Yep, 1400 times more. You’d think that would be more newsworthy, but it seems that the news media can’t resist boobs.

Proving consent

August 20, 2008

The Ministry of Justice is now seeking comment on the idea that those charged with rape should have to prove consent as well as on proposals to create a legal definition of consent to remove ambiguity and to ban questioning complainants about their sexual history with the alleged attacker. (Discussion document here, or here for the 672KB pdf file).

I posted last month on the Law Commission’s comments on the need to reform court processes in sexual offence trials. As retired Appeal Court Justice Ted Thomas rightly put it:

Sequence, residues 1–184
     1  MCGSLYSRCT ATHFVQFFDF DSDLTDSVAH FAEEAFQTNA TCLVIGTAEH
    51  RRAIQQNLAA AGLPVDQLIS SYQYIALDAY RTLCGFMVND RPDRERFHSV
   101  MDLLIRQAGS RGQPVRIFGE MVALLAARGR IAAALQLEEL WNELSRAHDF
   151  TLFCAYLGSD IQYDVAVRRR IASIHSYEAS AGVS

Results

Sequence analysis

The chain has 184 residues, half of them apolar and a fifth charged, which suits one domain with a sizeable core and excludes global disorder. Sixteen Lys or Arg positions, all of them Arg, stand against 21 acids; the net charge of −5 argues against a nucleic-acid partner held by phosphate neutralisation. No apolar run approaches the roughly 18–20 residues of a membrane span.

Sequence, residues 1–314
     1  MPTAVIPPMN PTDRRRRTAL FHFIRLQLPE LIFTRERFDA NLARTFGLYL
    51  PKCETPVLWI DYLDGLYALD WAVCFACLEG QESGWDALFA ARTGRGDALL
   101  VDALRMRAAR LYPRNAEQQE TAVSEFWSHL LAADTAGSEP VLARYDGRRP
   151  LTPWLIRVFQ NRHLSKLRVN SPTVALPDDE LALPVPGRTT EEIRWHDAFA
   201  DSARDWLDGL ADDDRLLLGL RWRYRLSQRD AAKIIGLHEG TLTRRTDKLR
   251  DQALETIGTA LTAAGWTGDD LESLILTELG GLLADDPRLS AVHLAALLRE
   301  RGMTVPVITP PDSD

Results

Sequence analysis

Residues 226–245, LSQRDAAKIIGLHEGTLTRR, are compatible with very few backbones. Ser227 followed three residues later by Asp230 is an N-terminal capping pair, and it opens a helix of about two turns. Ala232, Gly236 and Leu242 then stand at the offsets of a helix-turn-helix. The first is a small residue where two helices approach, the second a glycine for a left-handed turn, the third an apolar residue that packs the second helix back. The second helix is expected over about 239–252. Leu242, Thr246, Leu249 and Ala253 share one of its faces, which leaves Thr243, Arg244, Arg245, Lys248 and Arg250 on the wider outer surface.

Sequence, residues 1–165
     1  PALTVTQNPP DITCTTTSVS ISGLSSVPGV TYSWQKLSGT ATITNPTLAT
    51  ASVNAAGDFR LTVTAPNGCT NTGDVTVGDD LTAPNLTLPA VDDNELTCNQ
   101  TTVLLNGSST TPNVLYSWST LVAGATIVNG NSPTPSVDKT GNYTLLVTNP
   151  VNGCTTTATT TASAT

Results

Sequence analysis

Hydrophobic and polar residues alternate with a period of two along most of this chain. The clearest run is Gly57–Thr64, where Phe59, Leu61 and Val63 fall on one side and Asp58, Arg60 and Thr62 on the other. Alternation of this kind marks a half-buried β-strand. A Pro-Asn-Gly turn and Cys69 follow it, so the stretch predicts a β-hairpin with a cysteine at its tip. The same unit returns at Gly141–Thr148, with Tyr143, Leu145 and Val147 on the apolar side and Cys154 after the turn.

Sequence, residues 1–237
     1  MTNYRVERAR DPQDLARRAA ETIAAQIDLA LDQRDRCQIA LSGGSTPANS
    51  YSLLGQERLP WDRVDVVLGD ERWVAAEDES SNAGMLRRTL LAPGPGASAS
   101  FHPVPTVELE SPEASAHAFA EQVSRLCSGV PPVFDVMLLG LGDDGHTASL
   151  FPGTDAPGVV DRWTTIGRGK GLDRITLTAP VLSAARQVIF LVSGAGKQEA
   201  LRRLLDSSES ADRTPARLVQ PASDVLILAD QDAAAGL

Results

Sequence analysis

“the nature and impact of the trial in sexual cases on complainants is a brutalising and distressing experience in which the complainant is effectively put on trial.”

Something needs to be done to ensure that justice is done and that sexual violence is taken seriously and some of the proposals in the Ministry’s paper look promising on the face of it.

But doing away with the presumption of innocence and requiring a higher standard of proof from defendants is another matter. There are flaws with “innocent until proven guilty”, but it is generally thought that it is better to let a few guilty go unpunished then to punish the innocent. Last month Inventory2 condemned the idea as “a piece of liberal lunacy”, saying “(it) goes too far, and should be quickly condemned to the dusbin.”

How about we look at all the other alternatives, implement those that look like they will make a difference, and then revisit the issue of proving consent if we consider this necessary. There is a great deal to gain, but also a great deal to lose.